# What is the use of int()?

Hello guys. I just started to learn to code in Processing. Though I’m finding it hard to understand the code int() (yes the one with the parenthesis). What it is for? Why do we need to use this code? And in what situation? I tried to read the description on processing.org but it isn’t helping much.

Here is an example on the web:

``````char c = 'E';
i = int(c);
println(c + " : " + i);  // Prints "E : 69"
``````

It would be really good if somebody can share some explanation. Thank a lot.

1 Like

When you want a computer to remember something, you have to tell it what sort of a thing you want it to remember. If you want it to remember a character, you use a `char`. If you want it to remember some words, you use a `String`. If you want it to remember a true/false thing, you use a `boolean`.

When it comes to numbers, there are two main kinds. Whole numbers (0, 1, 2, 3…) and decimal numbers (like 783.2835). Whole numbers you can store in an `int`, and decimal numbers get stored in a `float`.

Anyway. Sometimes it is useful to convert one kind of remembered variable into a different kind. You do this by casting (changing the type) of the data in question. The `int()` function is what does this conversion for you when you want to convert something into a whole number. Basically, it takes a single character, and converts that character into a number representation. It can do this because, at the lowest level, both characters and ints are stored in binary - a sequence of 0’s and 1’s. Normally it would treat a character’s 0’s and 1’s as a character, because that’s what you told it to treat them as. But when you cast those 0’s and 1’s to a different type, you can have it treat them as some other kind of data.

You can convert the other way too! Try casting an int to a char (use the char() function), or try casting a float to an int!

2 Likes
• `char` is 1 of the 8 Java primitive datatypes.
• `char` is internally stored as a number value like the other 7 primitive datatypes.
• All arithmetic & bitwise operations are allowed over a `char` datatype.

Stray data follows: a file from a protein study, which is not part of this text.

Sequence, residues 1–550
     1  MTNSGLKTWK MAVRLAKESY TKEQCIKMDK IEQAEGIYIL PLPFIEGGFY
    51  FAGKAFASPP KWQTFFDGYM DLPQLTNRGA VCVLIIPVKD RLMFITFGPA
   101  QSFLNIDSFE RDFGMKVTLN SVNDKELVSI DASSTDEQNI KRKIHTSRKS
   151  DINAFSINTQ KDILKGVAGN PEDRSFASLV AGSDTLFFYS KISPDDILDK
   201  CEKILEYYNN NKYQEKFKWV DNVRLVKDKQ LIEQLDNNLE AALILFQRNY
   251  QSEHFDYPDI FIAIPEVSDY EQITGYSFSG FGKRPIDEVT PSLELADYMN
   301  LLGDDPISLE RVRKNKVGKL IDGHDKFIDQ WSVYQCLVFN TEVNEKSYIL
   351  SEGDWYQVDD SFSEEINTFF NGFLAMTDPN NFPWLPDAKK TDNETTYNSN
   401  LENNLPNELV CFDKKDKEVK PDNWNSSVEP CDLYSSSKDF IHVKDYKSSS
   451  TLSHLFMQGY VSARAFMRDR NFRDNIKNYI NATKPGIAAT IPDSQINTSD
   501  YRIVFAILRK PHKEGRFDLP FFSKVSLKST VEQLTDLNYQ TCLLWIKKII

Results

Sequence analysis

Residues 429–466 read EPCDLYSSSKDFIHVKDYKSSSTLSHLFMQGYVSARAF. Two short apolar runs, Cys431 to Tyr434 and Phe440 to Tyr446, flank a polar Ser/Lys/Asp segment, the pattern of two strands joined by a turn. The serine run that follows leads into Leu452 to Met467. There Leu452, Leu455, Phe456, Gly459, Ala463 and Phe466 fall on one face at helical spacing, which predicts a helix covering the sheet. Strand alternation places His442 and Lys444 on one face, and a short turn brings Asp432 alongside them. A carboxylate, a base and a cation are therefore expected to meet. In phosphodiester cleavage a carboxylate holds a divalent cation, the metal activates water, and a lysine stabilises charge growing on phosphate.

• However, `char` got 3 caveats which make it diff. from the other primitives:
1. `char` is a 16-bit (2-byte) unsigned datatype. Meaning it can’t represent negative values and its max value is 65535 (2^16 - 1).
2. When a `char` and String are used together as operands for the operator `+`, the `char` is concatenated as a UTF-16 character rather than its actual numerical value.
3. When we println() a `char`, it is displayed as a UTF-16 character rather than its numerical value.

For all other cases, a `char` behaves as a whole numerical value.

3 Likes

Thank a lot for the detailed explanation.

Thank you so much. This helps a lot.

Well, we don’t actually need it for primitive datatype conversions.

We can simply use an `(int)` cast operator instead, which is faster btW:
`int i = int(c);` `int i = (int) c;`

But the function int() is still necessary for converting a String into an `int` though.

Also, int() is gr8 for converting an entire array of some other type into an `int` array.

1 Like

Besides the unary cast operator `(int)` and PApplet’s converting function int(), there are also these 3 notable `int` conversion functions below:

2 Likes

Addendum: B/c Java automatically upcasts the primitives `byte`, `short` and `char` to `int` when we do any arithmetic or bitwise operation on them, we absolutely don’t need to convert any of them to `int` when assigning them to an `int` variable:

So rather than `char c = 'E'; int i = (int) c;`
Just do it straight like this w/o any conversion: `char c = 'E'; int i = c;`

2 Likes

Gee thanks for all of that information bro Though it gonna take me a while to digest all or them